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Iphis and Ianthe

According to today’s Recycle, Reuse, Rewrite prompt, we are to ‘Find an old poem or two that you’ve abandoned and find a line, a title or a concept that really grabs you. Now use those to start a new poem, going in a direction entirely different than the original.’ I have written two or three different poems on the story of Iphis and Ianthe from Ovid’s Metamorphoses (English translation of the story) and decided to write another one, in a new direction, for this challenge.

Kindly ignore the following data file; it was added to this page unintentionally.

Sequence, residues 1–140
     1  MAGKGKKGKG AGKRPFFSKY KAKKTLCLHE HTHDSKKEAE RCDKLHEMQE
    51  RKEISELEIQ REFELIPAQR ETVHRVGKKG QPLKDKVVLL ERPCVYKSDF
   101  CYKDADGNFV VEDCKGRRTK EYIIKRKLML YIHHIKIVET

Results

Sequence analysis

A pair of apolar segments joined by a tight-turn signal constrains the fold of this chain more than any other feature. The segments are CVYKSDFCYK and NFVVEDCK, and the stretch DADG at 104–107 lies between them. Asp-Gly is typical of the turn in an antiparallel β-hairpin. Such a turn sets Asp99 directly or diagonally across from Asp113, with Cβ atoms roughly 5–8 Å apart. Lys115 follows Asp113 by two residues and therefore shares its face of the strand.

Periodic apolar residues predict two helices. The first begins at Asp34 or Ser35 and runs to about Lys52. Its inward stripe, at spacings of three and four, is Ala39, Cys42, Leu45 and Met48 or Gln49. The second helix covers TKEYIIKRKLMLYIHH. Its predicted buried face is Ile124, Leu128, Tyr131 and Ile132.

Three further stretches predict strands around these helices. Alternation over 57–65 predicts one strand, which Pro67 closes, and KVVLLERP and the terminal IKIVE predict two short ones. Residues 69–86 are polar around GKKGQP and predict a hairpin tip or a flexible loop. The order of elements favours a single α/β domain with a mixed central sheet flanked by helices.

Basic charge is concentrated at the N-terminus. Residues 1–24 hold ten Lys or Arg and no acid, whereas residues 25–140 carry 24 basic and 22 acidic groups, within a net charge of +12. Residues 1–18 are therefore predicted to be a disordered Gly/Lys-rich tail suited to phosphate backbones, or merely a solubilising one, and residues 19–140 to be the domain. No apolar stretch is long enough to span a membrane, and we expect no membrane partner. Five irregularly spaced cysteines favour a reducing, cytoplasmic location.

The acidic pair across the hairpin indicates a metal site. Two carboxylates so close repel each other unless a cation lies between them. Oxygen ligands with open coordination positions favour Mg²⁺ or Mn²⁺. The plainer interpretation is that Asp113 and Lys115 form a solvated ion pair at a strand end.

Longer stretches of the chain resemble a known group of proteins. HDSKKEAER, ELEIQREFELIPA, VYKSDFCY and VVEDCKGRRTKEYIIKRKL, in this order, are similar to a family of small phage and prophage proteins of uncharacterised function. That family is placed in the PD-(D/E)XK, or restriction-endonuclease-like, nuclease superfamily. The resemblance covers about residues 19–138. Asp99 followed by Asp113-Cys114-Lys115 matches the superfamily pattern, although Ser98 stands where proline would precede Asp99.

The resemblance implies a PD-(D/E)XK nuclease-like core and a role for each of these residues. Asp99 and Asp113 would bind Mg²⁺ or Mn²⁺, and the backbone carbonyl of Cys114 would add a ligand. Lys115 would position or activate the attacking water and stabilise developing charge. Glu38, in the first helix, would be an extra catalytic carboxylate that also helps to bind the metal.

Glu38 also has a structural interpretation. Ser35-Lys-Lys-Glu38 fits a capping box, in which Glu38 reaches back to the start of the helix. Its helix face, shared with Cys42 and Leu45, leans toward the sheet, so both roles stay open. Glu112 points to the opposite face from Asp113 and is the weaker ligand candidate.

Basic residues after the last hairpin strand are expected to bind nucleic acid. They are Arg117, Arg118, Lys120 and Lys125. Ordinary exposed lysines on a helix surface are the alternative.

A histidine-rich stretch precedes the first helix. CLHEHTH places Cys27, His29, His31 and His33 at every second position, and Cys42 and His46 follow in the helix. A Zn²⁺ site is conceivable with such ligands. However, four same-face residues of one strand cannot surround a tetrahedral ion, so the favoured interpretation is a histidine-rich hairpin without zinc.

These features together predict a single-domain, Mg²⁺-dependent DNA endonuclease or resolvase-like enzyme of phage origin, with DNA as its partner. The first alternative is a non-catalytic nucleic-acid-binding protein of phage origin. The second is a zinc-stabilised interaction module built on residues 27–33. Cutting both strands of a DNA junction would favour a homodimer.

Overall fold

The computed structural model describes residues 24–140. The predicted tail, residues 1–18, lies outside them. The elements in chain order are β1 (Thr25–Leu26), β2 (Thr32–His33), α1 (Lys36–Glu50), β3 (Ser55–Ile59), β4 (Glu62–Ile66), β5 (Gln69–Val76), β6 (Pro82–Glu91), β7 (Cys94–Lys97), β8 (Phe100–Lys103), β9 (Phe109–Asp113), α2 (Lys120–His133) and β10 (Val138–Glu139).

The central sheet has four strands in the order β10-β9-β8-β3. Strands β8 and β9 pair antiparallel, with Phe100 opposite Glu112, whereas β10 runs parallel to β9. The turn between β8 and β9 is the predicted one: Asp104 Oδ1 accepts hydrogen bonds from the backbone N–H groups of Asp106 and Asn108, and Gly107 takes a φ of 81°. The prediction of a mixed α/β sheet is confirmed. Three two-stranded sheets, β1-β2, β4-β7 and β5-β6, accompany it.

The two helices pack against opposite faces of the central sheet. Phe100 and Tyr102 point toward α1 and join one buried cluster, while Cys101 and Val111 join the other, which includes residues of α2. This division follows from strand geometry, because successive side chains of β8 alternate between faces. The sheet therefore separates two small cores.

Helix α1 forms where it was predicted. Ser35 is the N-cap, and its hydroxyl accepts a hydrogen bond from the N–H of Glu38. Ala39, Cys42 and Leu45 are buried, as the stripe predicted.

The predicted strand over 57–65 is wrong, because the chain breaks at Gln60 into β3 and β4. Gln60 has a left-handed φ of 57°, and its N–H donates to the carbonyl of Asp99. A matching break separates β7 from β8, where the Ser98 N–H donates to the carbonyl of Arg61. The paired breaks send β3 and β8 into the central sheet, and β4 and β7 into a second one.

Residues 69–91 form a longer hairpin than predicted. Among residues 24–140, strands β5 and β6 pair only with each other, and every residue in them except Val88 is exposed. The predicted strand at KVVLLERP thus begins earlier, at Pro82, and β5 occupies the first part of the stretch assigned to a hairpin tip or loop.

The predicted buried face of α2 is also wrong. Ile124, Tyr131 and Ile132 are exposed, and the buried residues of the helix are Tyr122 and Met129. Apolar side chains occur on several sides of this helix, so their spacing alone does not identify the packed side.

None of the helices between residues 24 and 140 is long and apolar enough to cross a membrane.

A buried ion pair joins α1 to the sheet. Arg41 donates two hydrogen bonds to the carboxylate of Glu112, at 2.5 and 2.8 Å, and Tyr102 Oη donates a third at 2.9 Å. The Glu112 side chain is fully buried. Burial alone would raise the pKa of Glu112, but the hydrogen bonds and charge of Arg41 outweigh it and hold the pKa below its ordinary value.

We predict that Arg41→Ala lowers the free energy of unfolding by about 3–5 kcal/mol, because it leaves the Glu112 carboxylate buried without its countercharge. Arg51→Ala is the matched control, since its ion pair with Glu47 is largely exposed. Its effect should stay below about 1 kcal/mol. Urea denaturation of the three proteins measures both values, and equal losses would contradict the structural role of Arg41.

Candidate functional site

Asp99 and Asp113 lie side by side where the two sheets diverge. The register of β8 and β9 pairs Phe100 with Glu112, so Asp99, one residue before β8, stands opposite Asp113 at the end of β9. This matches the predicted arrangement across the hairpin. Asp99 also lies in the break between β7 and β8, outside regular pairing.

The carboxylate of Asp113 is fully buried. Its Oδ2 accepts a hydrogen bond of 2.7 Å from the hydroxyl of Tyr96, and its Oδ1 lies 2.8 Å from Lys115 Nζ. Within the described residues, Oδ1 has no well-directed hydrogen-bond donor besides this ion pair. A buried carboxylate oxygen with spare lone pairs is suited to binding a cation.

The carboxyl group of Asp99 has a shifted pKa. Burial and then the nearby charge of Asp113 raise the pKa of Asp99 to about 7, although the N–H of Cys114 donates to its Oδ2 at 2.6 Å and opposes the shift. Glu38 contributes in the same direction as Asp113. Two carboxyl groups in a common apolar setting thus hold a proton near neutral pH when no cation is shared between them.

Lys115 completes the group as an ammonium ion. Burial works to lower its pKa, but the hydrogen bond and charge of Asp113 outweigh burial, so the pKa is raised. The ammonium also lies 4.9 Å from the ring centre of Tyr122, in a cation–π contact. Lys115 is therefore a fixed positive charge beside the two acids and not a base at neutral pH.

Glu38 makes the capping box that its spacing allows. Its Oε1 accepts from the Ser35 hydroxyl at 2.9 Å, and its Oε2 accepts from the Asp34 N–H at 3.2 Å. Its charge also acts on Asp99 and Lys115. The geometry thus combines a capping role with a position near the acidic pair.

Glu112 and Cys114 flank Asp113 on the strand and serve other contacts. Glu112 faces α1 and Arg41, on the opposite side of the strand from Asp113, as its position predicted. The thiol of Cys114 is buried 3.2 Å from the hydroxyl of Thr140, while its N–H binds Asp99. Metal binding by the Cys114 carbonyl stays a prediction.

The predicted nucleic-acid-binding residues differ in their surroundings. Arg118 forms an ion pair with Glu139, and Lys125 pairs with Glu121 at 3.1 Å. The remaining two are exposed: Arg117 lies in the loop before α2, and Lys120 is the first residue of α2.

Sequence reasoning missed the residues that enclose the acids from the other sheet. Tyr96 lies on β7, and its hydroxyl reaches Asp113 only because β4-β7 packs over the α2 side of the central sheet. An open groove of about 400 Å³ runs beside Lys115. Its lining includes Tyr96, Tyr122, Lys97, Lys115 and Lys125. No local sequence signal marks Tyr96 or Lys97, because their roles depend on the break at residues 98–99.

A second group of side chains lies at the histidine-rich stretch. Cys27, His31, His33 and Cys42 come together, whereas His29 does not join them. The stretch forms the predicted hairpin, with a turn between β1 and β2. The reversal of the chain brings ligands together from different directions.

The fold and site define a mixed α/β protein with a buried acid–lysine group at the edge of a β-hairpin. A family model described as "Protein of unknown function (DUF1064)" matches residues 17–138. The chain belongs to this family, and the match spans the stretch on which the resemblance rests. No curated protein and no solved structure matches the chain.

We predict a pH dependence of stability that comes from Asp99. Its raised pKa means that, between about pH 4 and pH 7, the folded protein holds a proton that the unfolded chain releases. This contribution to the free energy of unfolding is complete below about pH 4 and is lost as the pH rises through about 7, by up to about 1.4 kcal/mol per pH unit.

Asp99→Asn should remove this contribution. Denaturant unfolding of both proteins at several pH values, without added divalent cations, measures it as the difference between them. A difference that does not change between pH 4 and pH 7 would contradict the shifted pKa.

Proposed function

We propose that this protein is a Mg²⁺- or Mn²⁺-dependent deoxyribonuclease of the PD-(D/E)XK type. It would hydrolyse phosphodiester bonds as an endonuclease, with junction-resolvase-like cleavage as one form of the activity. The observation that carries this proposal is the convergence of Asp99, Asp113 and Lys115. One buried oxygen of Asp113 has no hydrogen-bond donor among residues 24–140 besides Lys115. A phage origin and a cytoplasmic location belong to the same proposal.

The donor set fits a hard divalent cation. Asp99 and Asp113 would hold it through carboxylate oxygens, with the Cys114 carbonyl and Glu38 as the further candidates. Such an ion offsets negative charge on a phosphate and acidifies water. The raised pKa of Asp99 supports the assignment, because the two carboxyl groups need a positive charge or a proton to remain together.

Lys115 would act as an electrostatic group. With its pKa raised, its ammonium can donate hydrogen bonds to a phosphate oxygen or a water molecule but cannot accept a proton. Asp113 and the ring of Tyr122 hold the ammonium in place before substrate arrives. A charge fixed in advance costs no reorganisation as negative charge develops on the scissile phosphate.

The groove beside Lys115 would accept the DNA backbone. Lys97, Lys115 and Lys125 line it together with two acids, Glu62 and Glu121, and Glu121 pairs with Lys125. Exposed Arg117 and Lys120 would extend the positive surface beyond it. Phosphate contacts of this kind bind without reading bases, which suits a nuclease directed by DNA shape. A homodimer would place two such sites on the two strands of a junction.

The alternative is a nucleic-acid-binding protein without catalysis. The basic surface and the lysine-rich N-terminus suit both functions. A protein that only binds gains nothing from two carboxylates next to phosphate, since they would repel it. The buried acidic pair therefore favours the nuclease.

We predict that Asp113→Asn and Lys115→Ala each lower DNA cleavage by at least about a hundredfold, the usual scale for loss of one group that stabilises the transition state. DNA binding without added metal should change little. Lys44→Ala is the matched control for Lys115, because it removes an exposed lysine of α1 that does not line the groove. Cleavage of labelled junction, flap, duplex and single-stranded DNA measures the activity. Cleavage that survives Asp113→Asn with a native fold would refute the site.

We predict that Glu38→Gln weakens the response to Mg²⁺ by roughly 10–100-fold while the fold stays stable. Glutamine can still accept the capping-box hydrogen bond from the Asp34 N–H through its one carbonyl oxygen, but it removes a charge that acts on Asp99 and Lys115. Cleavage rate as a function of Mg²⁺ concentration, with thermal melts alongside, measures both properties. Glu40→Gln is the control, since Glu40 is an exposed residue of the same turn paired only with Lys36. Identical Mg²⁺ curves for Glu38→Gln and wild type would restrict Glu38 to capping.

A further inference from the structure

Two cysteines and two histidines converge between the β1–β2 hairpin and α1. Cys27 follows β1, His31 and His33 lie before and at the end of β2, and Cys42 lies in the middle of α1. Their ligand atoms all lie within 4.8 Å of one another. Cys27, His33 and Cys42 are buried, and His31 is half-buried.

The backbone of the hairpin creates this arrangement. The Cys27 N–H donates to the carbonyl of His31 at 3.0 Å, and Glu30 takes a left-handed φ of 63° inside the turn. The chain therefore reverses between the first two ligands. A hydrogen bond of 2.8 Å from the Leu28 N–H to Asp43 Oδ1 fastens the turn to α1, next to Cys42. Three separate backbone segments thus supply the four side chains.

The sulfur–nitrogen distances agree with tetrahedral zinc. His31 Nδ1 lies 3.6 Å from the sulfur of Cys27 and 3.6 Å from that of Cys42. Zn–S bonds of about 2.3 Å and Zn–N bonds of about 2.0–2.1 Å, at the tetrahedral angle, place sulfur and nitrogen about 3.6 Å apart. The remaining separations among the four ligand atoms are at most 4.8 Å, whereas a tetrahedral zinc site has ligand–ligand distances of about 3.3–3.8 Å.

Iphis and Ianthe: the end

There’s no transforming a girl to a boy,
this Iphis knows, but pretends the goddess
has answered her mother’s prayers and leaves
the temple with a testicular stride.
Ianthe knows (how could she not) and trembles
as the ceremony pledges her her mate.

But soon the judgement begins. Grow out your
beard, Iphis is told; Ianthe is said
to be barren; their home is not home to
accustomed discord. They’re letting both sides

down. They leave. And, as the past and the village
dwindles behind, Iphis grows to a woman.
They invent a tale of sisters betrothed
to a god and settle to faithful lives.